Table_8_Genital Mycoplasmas and Biomarkers of Inflammation and Their Association With Spontaneous Preterm Birth and Preterm Prelabor Rupture of Membra.xlsx (32.93 kB)
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Table_8_Genital Mycoplasmas and Biomarkers of Inflammation and Their Association With Spontaneous Preterm Birth and Preterm Prelabor Rupture of Membranes: A Systematic Review and Meta-Analysis.xlsx

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posted on 30.03.2022, 05:06 authored by Nathalia M. Noda-Nicolau, Ourlad Alzeus G. Tantengco, Jossimara Polettini, Mariana C. Silva, Giovana F. C. Bento, Geovanna C. Cursino, Camila Marconi, Ronald F. Lamont, Brandie D. Taylor, Márcia G. Silva, Daniel Jupiter, Ramkumar Menon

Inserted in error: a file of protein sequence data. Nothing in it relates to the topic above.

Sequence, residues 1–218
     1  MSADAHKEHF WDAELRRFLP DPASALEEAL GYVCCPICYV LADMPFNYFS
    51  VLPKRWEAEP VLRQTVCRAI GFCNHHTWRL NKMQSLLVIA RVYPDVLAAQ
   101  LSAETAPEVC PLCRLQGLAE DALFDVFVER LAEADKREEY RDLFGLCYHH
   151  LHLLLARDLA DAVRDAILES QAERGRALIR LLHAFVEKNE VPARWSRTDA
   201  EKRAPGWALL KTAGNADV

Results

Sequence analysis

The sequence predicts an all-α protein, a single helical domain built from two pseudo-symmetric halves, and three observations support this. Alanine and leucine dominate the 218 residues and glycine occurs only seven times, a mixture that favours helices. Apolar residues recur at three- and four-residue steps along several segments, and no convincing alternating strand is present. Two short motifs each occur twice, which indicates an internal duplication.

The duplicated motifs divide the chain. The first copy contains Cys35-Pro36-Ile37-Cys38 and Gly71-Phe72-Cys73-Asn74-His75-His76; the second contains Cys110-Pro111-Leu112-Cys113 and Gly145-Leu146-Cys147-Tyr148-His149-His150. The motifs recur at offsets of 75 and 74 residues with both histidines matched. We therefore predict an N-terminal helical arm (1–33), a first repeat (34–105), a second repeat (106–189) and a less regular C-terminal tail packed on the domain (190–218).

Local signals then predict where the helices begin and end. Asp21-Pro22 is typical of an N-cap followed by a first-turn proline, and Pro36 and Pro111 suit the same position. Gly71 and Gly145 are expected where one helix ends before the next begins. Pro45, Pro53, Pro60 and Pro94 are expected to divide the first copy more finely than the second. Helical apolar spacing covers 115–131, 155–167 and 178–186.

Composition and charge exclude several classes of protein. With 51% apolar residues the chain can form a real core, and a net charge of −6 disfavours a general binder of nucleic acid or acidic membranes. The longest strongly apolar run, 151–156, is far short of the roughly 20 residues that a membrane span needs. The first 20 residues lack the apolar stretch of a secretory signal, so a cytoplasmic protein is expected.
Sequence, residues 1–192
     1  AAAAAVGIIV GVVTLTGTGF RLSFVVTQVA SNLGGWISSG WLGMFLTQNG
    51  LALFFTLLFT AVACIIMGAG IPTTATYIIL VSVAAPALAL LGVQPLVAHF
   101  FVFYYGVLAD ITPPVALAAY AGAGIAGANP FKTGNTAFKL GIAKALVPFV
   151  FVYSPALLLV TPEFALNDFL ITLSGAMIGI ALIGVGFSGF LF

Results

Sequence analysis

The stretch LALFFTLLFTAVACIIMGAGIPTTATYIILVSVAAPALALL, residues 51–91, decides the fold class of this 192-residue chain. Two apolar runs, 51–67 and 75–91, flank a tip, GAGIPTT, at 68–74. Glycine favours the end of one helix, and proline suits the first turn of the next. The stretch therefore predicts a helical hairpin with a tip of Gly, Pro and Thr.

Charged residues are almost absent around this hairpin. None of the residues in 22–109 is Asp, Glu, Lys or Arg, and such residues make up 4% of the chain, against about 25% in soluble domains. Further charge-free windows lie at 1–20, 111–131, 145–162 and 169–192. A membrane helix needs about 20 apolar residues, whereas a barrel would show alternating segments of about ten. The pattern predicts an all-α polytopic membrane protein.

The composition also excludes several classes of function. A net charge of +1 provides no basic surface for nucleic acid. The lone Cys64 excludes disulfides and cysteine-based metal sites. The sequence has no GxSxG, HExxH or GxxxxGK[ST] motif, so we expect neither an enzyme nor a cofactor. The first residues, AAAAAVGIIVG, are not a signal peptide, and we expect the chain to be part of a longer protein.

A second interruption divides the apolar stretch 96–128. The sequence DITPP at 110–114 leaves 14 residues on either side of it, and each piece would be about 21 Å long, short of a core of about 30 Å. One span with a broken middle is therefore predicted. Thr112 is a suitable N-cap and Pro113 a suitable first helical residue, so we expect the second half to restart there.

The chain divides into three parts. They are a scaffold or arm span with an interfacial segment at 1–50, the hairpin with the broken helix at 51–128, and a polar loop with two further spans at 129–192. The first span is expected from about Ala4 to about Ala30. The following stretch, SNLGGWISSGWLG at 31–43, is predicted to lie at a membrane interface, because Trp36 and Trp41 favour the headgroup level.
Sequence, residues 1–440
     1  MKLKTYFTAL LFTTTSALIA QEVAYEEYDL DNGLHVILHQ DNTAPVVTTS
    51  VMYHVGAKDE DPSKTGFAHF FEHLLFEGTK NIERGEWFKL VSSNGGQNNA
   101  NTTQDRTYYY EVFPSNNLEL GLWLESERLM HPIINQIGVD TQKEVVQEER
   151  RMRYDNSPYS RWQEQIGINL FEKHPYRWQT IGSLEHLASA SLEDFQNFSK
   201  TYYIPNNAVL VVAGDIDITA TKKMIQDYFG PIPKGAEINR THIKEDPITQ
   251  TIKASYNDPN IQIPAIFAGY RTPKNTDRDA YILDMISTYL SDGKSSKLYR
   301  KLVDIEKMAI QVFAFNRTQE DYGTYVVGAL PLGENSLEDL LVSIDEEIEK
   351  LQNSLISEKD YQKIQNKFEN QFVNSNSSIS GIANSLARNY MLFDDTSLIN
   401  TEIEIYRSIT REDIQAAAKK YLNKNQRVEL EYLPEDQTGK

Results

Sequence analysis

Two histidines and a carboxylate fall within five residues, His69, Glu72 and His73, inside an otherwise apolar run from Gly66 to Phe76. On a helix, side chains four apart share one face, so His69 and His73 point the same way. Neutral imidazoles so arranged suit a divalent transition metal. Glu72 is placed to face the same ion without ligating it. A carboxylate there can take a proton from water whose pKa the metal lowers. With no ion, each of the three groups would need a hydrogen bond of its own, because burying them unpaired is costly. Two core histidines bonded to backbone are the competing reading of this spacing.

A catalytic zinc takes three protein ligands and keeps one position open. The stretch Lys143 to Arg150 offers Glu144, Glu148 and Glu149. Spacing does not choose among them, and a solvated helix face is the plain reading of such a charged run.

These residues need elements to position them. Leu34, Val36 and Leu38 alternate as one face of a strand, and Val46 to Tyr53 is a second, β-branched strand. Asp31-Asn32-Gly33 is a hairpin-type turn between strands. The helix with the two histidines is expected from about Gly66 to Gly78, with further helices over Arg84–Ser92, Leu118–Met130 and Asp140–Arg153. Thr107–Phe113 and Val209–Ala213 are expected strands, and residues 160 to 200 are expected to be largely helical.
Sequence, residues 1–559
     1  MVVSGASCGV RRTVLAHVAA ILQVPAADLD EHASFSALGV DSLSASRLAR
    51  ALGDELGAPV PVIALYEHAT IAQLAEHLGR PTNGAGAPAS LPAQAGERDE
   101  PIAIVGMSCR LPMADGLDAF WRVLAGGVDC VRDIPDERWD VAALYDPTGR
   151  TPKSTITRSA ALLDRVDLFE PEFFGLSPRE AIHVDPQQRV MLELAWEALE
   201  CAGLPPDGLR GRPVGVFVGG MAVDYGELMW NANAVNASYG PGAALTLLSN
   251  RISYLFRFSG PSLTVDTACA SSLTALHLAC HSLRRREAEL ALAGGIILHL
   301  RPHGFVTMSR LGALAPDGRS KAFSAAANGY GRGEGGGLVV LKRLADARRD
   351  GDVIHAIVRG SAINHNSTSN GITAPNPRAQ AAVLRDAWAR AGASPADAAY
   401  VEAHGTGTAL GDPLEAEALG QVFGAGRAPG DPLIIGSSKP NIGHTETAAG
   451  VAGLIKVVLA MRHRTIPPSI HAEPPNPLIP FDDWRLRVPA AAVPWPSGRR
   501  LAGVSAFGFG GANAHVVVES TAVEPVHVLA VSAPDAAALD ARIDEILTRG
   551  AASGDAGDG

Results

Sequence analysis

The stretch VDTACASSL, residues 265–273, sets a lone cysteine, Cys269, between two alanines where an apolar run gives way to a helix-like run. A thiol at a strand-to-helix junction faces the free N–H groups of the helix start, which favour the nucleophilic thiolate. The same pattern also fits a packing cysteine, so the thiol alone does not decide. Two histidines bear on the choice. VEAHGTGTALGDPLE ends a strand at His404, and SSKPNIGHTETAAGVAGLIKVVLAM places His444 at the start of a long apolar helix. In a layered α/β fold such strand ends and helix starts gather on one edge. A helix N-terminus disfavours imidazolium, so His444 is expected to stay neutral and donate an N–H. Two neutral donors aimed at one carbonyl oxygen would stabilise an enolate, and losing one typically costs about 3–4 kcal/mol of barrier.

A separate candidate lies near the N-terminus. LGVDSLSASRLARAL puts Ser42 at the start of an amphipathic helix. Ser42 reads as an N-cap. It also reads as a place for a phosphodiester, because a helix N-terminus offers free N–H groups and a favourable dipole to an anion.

Genital mycoplasmas (GM), such as Mycoplasma hominis, Mycoplasma genitalium, Ureaplasma parvum, and Ureaplasma urealyticum are commonly associated with spontaneous preterm labor (SPTL), spontaneous preterm birth (PTB), and preterm prelabor rupture of membranes (PPROM). This study determined the association between GM and such adverse pregnancy outcomes. We searched for studies published 1980–2019 in MEDLINE, EMBASE, and Web of Science. Studies were eligible when GM was detected during pregnancy. We included 93 and 51 studies in determining the prevalence and the inflammatory biomarkers associated with GM, respectively, using the “metafor” package within R. The protocol was registered with PROSPERO (registration no. CRD42016047297). Women with the studied adverse pregnancy outcomes had significantly higher odds of presence with GM compared to women who delivered at term. For PTB, the odds ratios were: M. hominis (OR: 2.25; CI: 1.35–3.75; I2: 44%), M. genitalium (OR: 2.04; CIL 1.18–3.53; I2: 20%), U. parvum (OR: 1.75; CI: 1.47–2.07; I2: 0%), U. urealyticum (OR: 1.50; CI: 1.08–2.07; I2: 58%). SPTL had significantly higher odds with M. hominis (OR: 1.96; CI: 1.19–3.23; I2: 1%) or U. urealyticum (OR: 2.37; CI: 1.20–4.70; I2: 76%) compared to women without SPTL. Women with PPROM had significantly higher odds with M. hominis (OR: 2.09; CI: 1.42–3.08; I2: 0%) than women without PPROM. However, our subgroup analysis based on the diagnostic test and the sample used for detecting GM showed a higher prevalence of GM in maternal samples than in fetal samples. GM presence of the cervix and vagina was associated with lower odds of PTB and preterm labor (PTL). In contrast, GM presence in the AF, fetal membrane, and placenta was associated with increased odds of PTB and PTL. However, genital mycoplasmas may not elicit the massive inflammation required to trigger PTB. In conclusion, GM presence in the fetal tissues was associated with significantly increased odds of PTB and PTL.

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